Renal transplantation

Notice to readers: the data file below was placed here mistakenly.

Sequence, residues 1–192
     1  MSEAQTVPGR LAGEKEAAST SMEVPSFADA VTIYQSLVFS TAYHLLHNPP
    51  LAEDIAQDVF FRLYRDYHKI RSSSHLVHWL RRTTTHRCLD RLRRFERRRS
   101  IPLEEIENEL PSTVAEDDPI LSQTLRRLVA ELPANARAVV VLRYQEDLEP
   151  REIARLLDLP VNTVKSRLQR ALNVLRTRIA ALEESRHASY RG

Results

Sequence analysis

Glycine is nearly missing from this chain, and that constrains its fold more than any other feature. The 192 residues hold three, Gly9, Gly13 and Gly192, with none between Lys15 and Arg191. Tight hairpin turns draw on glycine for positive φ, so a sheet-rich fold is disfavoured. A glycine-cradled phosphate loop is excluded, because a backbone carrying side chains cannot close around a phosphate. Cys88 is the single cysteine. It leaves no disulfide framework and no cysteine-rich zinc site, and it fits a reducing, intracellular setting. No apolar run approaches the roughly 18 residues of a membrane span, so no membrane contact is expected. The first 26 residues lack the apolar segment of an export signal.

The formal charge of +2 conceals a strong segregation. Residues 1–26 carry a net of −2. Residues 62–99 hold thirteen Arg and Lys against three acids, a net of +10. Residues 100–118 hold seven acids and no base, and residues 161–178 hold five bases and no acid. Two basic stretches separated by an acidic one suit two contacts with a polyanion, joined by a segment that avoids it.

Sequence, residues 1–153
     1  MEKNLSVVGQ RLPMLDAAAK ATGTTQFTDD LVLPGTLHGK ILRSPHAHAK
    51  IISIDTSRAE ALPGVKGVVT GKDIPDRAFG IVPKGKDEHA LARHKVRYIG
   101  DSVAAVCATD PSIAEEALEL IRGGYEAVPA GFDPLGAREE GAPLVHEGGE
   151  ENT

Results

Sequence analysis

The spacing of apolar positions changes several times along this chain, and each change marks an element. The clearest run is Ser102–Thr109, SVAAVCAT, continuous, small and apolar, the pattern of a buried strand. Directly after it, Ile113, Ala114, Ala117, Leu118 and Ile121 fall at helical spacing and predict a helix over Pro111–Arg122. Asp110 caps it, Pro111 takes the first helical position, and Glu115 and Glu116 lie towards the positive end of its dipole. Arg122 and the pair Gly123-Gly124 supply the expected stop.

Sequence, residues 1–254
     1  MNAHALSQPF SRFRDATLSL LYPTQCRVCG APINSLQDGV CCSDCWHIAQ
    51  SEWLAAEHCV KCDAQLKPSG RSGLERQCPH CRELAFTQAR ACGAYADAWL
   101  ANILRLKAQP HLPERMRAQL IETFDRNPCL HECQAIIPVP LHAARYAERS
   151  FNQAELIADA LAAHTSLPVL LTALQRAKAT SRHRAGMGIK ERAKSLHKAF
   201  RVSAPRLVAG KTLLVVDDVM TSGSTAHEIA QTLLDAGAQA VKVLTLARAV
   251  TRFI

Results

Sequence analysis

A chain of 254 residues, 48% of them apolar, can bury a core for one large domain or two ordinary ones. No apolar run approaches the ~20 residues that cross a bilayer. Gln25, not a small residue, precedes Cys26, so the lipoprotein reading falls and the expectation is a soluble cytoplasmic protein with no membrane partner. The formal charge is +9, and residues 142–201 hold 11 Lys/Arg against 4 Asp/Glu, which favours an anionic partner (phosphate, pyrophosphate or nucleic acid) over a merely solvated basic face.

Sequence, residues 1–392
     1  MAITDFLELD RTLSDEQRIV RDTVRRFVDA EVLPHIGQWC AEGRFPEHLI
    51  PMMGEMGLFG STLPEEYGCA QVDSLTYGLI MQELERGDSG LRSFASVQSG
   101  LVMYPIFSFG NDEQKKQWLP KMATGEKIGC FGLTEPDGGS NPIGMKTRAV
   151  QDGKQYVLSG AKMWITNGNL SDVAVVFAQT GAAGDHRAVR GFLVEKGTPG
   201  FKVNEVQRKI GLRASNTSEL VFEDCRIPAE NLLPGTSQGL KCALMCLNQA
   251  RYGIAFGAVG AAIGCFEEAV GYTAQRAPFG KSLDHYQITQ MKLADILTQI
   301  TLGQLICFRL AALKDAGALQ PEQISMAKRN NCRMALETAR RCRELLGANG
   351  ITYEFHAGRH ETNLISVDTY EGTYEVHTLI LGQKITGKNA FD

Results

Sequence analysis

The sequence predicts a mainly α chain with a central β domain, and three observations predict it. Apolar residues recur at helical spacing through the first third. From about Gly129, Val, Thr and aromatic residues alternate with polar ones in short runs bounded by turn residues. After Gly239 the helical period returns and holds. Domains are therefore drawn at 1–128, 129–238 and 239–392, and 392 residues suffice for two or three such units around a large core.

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The National Organ Transplant Act (PL98-507) was enacted in 1984 to support the continued development of a comprehensive procurement and distribution network in the United States for transplantable organs and tissues as well as a registry for potential recipients. Demand for one organ, the kidney, has increased dramatically for a number of desirable reasons: More patients have been accepted for transplantation, age limits for transplantation have been extended, results have improved, and there are more transplantation centers doing more transplants. Undesirable factors have also increased the demand: There has been no major breakthrough in treatment of the renal diseases that most frequently progress to end-stage failure, and graft rejection continues to be a problem. On the other hand, the supply of cadaver kidneys has decreased: Fortunately, the number of fatal motor vehicle accidents has fallen because of the lowered highway speed limit and seat belt use, but, unfortunately, public misconceptions about transplants, lawsuits against physicians participating in cadaver organ retrieval, and gaps in professional understanding have also decreased the supply. Although rejection can be treated with immunosuppression after transplantation, histocompatibility matching of donor and recipient before transplantation has significantly increased graft survival. The national initiative may provide the critical mass necessary to correct some of the misconceptions and lingering problems that frustrate the optimal use and success of human organ transplants.



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